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TAFE NUMBERS in freefall

Think Local

The Baird government's cuts to TAFE education in NSW and on the Northern Beaches have seen thousands of teachers sacked over the past three years and savage cuts to courses and enrolments in what many have labelled a decimation of vital vocational training.

As the full impact of the cuts are laid bare, teachers, students and the state opposition are calling for a massive injection of funds to restore TAFE to its rightful place as an effective and sought-after tertiary training organisation.

Enrolments in the Northern Sydney region - which includes TAFE colleges at St Leonards, Northern Beaches,

Crows Nest and Bradfield Colleges have fallen from 49,379 in 2012 to just 29,409 in the 2016 year.

In the central Sydney area, a massive fall in registrations has also been recorded from 69,251 in 2012 to 28,627 in 2016.

"The number of students enrolled in government-funded VET courses in NSW has crashed to its lowest level in over a decade," shadow minister for skills Prue Car tells Peninsula Living. "Between 2011 and 2015, the state government has overseen a drop of 108,000 people in government-funded training.

"In addition, youth unemployment in NSW sits at a staggering 11.8 per cent - more than double that of the normal unemployment rate," she states.

She says in this year's state budget, there was a shortfall of $314 million from the funds that were promised last year.

Simon - not his real name - says he feels angry, upset and fearful for the future of TAFE. As a longstanding TAFE lecturer at local Northern  Beaches colleges, he is "devastated" at what he describes as the "crumbling fate" of a once proud and successful institution.

"I have watched the developing impact of budget cuts and ill-conceived administration and registration changes over a number of years through successful governments, both Liberal and Labor," he tells Peninsula Living.

"But over the past couple of years, the situation has become extremely difficult with disastrous consequences for students and teachers."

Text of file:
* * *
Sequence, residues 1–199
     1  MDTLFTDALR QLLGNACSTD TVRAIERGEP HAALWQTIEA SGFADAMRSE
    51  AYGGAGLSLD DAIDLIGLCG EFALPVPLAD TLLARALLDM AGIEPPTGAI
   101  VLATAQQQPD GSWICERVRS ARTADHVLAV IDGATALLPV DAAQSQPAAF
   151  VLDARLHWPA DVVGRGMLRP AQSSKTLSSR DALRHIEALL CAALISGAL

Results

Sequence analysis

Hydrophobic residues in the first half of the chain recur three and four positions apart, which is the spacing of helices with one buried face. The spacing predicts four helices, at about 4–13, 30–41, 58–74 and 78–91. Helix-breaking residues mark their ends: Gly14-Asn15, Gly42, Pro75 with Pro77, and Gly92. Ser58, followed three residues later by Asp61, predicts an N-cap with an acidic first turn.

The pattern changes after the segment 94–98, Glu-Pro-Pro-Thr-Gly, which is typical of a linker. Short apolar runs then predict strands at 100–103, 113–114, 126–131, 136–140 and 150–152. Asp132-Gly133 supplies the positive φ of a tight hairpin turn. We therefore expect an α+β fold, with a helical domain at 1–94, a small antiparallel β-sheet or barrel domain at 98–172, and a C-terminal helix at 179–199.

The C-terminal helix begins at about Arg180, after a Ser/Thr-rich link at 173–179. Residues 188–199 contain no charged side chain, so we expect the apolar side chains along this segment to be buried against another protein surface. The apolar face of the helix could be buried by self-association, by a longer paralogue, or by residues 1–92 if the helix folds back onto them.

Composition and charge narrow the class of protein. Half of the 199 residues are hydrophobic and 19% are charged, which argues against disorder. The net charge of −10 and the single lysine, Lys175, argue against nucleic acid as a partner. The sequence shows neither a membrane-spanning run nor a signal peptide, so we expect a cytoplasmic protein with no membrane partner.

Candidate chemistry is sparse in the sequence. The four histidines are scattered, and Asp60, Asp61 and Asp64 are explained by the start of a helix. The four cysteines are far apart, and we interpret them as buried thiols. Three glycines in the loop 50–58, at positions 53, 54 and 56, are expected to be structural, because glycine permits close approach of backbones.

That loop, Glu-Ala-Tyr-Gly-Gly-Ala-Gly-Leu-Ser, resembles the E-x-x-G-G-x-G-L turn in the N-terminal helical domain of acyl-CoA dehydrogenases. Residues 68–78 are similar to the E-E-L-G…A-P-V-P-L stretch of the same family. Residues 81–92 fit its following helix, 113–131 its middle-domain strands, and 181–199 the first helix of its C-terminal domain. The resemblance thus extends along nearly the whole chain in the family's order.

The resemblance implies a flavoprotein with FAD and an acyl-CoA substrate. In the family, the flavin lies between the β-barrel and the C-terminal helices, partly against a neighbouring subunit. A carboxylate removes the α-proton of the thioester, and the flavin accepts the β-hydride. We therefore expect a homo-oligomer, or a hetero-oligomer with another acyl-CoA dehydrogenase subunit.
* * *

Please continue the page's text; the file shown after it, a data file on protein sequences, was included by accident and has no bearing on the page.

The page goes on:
Simon says cuts to courses have been savage and in the first year of the Smart and Skilled policy (2015), fees increased by thousands of dollars for students who were enrolling in a second degree or further education. Numbers plummeted in response before the government was finally made aware of the "disaster".

"The cuts have done untold damage and all this has turned away thousands of young people who would have received training in many Certificate III vocational qualifications including aged care, mechanics, hairdressing and other professions.

"We simply cannot deliver what we used to deliver to students. It's just been cut, cut, cut," he says with dismay. "Both state and federal governments have destroyed the principle of apprenticeships and on the job training and students are consequently being shortchanged." NSW government skills minister and deputy premier John Barilaro has defended the TAFE restructure process, saying the organisation was top heavy with too much money being spent on administration.

He intends on "streamlining" the organisation into one body - rather than separate institutes as is currently the case - and says there will be job losses because the marketplace is "very competitive".

In a statement to Peninsula Living, Mr Barilaro says, contrary to previous number, the organisation is now picking up more student enrolments for 2017.

He says the government has now introduced more policy changes designed to boost flagging numbers including fee-free scholarships and the capping of apprenticeship and traineeship fees. "The state government's vision for TAFE is an efficient and modern corporate structure," he notes.

NSW Teachers Federation spokesperson Rob Long tells Peninsula Living that there are still many questions about the cuts and possible mergers and campus sales.

He believes that the decision to fund private vocational colleges in the now infamous loans VET scandal which "ripped off students", had a huge impact on TAFE funding and viability. The scheme which has now been scrapped, took approximately $6 billion from the public purse in the past four years. "We are now hoping that this public money can be put back into TAFE," he comments. "Our colleges in the Northern Sydney region were always the strongest in the system but now teachers and students have lost faith - it's a really difficult period."

But Simon concludes that unfortunately "the damage to the TAFE system has been done" adding, "As teachers we wake up each morning not knowing if we will have a job at the end of the day."


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